Meer biodiversiteit met brede groene dijken? : een verkenning van de vegetatie op de Waddenzeedijken

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    In dit rapport worden de vegetaties op het buitentalud van de brede groene Waddenzeedijken in Duitsland en Denemarken vergeleken met de vegetaties op het buitentalud van de gangbare Waddenzeedijken in Nederland, met als doel om inzicht te krijgen in de mogelijke meerwaarde van het Brede Groene Dijk-concept voor biodiversiteit, en voor vegetatie in het bijzonder

    Wide Green Dikes : A sustainable adaptation option with benefits for both nature and landscape values?

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    The dual task of reinforcing the dikes along the Dutch coast and preparing for the effects of climate change have stimulated a search for innovative dike designs. Triggered by the presence of gently sloped grass-covered dikes that merge smoothly into the adjacent salt marshes along the German Wadden Sea coast, we assessed the potential costs and benefits of just such a ‘Wide Green Dike’ along the Dutch Wadden Sea coast, compared to the ‘Traditional Dike’, which is now used. The Traditional Dike has a steeper seaward slope and a stone or asphalt revetment along the dike toe. The assessment criteria were identified by local experts. We investigated, particularly, the spatial impact of a Wide Green Dike on the adjacent salt marshes under various climate scenarios. We also looked at the initial costs and clay demand for both dike designs. Furthermore, we conducted a quick-scan of the vegetation present halfway up the seaward slope of a Traditional Dike in the Netherlands and a Wide Green Dike nearby in Germany. Our analysis revealed four primary advantages of use of a Wide Green Dike along the Dutch part of the Dollard estuary: lower initial costs (based on standard unit prices), greater ease of doing repairs, increased adaptability and enhanced spatial quality compared to a Traditional Dike. Both types of dike were designed to withstand an extreme storm surge with an occurrence probability of 1/4000 years. Both fully met legally mandated engineering standards as well. Though the required crest height is comparable for both designs, the Wide Green Dike had a larger areal footprint, and would overlap more Natura 2000 area than a Traditional Dike. There would thus be a trade-off concerning salt-marsh area. Moreover, the vegetation examined halfway up the seaward slope of the German Wide Green Dike offered little ecological value. Nonetheless, cyclic harvesting of sediment for periodic dike reinforcement appeared to be a sustainable option for adapting to future sea level rise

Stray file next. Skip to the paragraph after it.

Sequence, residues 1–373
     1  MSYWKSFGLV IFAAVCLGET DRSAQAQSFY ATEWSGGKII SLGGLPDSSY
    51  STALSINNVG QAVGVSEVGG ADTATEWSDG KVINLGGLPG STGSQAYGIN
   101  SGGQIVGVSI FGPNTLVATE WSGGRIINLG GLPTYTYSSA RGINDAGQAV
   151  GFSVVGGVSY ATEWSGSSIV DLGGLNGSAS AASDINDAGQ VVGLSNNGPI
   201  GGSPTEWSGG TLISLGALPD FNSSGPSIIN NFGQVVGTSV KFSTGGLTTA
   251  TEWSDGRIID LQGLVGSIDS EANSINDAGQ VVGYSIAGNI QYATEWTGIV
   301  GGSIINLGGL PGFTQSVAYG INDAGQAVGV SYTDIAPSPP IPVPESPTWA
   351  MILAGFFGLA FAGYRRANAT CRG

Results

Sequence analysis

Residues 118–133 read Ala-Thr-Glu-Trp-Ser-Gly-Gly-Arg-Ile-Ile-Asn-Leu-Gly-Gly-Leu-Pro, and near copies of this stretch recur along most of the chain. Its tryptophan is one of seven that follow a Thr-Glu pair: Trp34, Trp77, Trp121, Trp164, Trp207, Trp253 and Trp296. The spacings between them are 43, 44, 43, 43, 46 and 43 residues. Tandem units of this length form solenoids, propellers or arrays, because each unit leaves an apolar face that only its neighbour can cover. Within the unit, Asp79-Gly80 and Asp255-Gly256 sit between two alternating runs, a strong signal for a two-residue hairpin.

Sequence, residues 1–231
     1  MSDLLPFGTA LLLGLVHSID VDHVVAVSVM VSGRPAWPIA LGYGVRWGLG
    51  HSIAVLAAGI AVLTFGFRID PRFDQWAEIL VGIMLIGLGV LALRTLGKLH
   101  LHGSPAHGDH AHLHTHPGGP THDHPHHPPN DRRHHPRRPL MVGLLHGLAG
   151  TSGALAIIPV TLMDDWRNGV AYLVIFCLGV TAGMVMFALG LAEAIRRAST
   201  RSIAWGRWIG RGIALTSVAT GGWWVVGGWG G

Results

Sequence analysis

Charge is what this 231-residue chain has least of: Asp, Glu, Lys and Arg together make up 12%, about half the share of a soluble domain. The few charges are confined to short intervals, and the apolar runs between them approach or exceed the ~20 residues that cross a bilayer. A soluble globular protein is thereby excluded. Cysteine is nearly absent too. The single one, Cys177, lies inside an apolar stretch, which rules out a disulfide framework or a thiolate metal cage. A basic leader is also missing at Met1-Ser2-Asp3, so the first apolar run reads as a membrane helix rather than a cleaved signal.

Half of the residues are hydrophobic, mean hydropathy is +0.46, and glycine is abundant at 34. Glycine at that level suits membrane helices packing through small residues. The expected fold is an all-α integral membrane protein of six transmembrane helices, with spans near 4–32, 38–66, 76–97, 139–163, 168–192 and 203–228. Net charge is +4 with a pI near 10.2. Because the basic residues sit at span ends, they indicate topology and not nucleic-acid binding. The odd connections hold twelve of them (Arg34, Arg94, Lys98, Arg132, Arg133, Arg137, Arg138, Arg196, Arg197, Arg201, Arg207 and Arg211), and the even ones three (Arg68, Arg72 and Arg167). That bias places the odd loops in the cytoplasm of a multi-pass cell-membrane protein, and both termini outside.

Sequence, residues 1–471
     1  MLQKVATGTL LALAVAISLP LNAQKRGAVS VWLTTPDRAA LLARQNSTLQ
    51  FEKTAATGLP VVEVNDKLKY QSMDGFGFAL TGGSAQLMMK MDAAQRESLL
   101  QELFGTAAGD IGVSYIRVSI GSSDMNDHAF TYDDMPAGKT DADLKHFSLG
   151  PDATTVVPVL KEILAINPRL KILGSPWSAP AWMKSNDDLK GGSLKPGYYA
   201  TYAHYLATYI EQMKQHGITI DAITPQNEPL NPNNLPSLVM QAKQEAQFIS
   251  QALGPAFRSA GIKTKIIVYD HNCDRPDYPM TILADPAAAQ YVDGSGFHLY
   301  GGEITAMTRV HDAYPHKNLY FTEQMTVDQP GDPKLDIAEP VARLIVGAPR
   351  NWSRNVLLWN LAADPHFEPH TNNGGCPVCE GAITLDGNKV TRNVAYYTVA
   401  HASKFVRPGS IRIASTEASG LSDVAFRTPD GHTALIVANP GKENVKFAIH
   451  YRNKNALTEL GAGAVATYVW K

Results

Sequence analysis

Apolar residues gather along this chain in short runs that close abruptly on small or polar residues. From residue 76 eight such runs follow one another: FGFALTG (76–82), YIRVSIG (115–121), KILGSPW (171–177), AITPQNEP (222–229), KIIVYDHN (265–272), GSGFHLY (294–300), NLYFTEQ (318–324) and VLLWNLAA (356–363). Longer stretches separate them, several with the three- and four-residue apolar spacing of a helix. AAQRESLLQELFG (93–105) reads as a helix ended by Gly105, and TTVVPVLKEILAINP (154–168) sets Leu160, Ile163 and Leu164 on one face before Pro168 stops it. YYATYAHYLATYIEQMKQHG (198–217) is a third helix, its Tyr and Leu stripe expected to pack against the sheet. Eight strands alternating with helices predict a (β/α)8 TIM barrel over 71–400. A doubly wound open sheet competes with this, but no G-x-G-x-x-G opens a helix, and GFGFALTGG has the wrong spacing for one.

How “wide green dikes” were reintroduced in The Netherlands: a case study of the uptake of an innovative measure in long-term strategic delta planning

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    This article describes and analyzes the reintroduction of the “wide green dike” in the Netherlands. It is a noteworthy example of implementation of an innovation in long-term strategic delta planning. The Dutch Delta Program was central herein. Pursuing its ambition to make the Netherlands climate-proof, the Delta Program invited a diverse set of actors to participate in developing a long-term adaptation plan, and also to propose innovative short-term measures to help realize that plan. The wide green dike was actively promoted by a local water board, with involvement of scientists and nature conservation organizations. A stepwise participatory process resulted in national-level recognition of the potential of the wide green dike, particularly due to its “green” and “adaptability” characteristics. Alignment of flood protection and climate adaptation goals with nature conservation objectives, as well as collaboration with new actors, were all crucial in the reintroduction of this innovation